Chester F. Carlson Center for Imaging Science
College of Science
Director of Magnetic Resonance Laboratory

Materials Science / Physical Chemistry / Materials Physics
At the Interface and Structure in Printable Inorganic Electronics (INSPIRON) laboratory, we aim to advance solution-processed semiconductors for terrestrial and space electronics and photovoltaics applications. At its core, our effort is geared toward enabling low-cost and lightweight sustainable and printable electronic devices using high throughput industry-friendly fabrication. We combine interfacial and microstructural diagnostics to understand the inherent complexity in printable thin films, manipulate nucleation and growth, control device interfaces, and use this information to drive innovation at the device level. Next-generation semiconductor inks of interest to us include metal-halide perovskites, metal-oxides, and colloidal nanocrystals. A major recent thrust is to develop an understanding of radiation-matter interactions in these thin film systems for operation in extreme environments, including next-generation space missions, proton cancer therapy, nuclear power, and military applications. In addition to collaborations within SCMS, we also collaborate with the NanoPower Research Laboratories (NPRL) and the AMPrint Center at RIT. Outside of RIT, we collaborate with researchers at the National Renewable Energy Laboratory (NREL), National Aeronautics and Space Administration (NASA), University of Arizona, SUNY Buffalo, University of North Texas, amongst others. At INSIPRON, we aim to inspire the next generation of scientists on the journey to sustainable materials science. Contact us if you are interested, and follow our research and updates on Twitter @Kirmani_Group or on our website.

Materials / Physical / Inorganic Chemistry
Research interests in Dr. Liu’s group lie in design, synthesis, and characterization of inorganic porous nanocatalysts (e.g., metal-organic frameworks (MOFs)) for small molecular gas capture, storage, and catalytic conversions via thermal- and/or photo-catalytic pathways. The target transformations include: (1) direct capture, storage, and conversion of anthropogenic gaseous pollutants (e.g., CO2) to value-added chemicals; and (2) formation, storage, and separation of clean carbon-neutral fuels (e.g., H2 or NH3). We will exploit the controlled synthesis process, the catalyst structures at the atomic or near-atomic scale, the mechanisms of catalytic reactions, and the catalyst structure–function relationships. Key efforts will include in-situ and operando techniques (e.g., DRIFTS, XAS, TEM, and TPD) to explore and understand the gas interactions with the catalysts surface structures and guide the catalyst modification and optimization.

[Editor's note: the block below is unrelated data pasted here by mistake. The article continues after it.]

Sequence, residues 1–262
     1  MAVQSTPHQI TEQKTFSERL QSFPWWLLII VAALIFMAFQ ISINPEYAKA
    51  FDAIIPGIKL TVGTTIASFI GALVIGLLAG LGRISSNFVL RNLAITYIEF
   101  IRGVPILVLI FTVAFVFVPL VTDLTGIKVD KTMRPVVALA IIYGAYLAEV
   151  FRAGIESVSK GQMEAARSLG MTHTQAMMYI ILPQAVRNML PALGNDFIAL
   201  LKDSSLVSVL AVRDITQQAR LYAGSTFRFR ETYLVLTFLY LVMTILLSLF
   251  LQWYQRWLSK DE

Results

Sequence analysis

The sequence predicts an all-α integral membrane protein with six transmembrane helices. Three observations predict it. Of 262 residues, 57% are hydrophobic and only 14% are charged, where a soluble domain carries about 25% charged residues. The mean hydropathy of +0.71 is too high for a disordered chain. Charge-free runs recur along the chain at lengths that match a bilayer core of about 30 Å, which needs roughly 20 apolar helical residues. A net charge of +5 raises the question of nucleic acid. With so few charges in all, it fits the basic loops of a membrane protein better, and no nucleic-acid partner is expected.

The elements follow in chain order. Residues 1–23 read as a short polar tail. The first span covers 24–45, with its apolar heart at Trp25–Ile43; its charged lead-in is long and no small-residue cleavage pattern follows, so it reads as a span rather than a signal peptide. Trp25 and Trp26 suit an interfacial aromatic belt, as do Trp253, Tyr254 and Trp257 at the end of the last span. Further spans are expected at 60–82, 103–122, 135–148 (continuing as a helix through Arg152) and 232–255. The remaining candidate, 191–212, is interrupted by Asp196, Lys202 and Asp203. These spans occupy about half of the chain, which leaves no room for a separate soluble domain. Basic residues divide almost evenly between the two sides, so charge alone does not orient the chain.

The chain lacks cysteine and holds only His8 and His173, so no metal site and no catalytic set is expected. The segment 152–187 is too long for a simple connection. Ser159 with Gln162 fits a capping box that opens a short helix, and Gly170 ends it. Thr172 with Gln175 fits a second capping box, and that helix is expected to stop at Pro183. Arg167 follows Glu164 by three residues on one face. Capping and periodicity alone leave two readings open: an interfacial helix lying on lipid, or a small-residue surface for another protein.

Jian Liu headshot
Assistant Professor
School of Chemistry and Materials Science
College of Science
Program Faculty, Chemical Engineering Department
Program Faculty, PhD Microsystems Engineering

The Michel Research Group is a protein biochemistry group focused on the role of proteins in disease. We study protein-protein interactions using site-directed mutagenesis, nuclear magnetic resonance (NMR) spectroscopy, and other biophysical techniques, with the goal of understanding how cataracts are formed in the eye lens. We also study protein vaccine candidates from pathogens that cause ear infections and other diseases, as well as protein complexes that are potential novel antibiotic targets. These studies involve recombinant protein expression and purification techniques, as well as enzyme-linked immunosorbent assays, UV-vis spectroscopy, and immunoblotting. Our group also studies small spherical vesicles that are released from bacteria (called bacterial extracellular vesicles or bEVs) that contain proteins, nucleic acids, and lipids similar to their parent bacterium. We aim to better understand how and why these bEVs are released, how antibiotics affect their release, and how we can isolate and detect bEVs in biological samples to use as biomarkers for bacterial sepsis.

Lea Michel headshot
School of Chemistry and Materials Science
College of Science
Director of Diversity, Equity and Inclusion

Materials Science
Our research investigates the magnetocaloric effect in metallic nanostructures and explores nanoscale magnetic materials for use in advanced refrigeration devices. We also study electronic devices using quantum mechanics. My group makes sensors out of nanoscale magnets. These sensors are in your hard drive; it’s what reads the bits. Magnetic field sensors decipher data stored in magnetic bits on hard disc drives. Our research focuses on the basic properties of magnetic materials on a scale 10,000 times smaller than a human hair.